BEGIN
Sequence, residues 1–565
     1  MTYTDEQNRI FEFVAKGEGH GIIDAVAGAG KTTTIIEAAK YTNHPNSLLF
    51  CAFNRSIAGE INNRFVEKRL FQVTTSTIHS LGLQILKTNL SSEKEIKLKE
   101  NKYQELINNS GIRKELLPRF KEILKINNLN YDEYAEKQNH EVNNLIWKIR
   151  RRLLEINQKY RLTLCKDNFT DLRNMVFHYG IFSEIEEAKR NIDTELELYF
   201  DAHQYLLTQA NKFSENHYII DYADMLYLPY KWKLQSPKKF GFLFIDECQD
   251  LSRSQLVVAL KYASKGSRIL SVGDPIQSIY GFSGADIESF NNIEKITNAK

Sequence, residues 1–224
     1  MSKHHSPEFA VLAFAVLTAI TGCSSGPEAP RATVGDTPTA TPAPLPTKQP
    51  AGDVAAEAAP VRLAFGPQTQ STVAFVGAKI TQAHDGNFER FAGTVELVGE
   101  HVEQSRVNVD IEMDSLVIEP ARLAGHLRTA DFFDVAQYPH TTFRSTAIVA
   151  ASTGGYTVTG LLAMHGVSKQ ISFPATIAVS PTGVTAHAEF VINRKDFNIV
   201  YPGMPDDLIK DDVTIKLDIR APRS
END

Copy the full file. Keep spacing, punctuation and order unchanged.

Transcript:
Sequence, residues 1–565
     1  MTYTDEQNRI FEFVAKGEGH GIIDAVAGAG KTTTIIEAAK YTNHPNSLLF
    51  CAFNRSIAGE INNRFVEKRL FQVTTSTIHS LGLQILKTNL SSEKEIKLKE
   101  NKYQELINNS GIRKELLPRF KEILKINNLN YDEYAEKQNH EVNNLIWKIR
   151  RRLLEINQKY RLTLCKDNFT DLRNMVFHYG IFSEIEEAKR NIDTELELYF
   201  DAHQYLLTQA NKFSENHYII DYADMLYLPY KWKLQSPKKF GFLFIDECQD
   251  LSRSQLVVAL KYASKGSRIL SVGDPIQSIY GFSGADIESF NNIEKITNAK

Sequence, residues 1–224
     1  MSKHHSPEFA VLAFAVLTAI TGCSSGPEAP RATVGDTPTA TPAPLPTKQP
    51  AGDVAAEAAP VRLAFGPQTQ STVAFVGAKI TQAHDGNFER FAGTVELVGE
   101  HVEQSRVNVD IEMDSLVIEP ARLAGHLRTA DFFDVAQYPH TTFRSTAIVA
   151  ASTGGYTVTG LLAMHGVSKQ ISFPATIAVS PTGVTAHAEF VINRKDFNIV
   201  YPGMPDDLIK DDVTIKLDIR APRS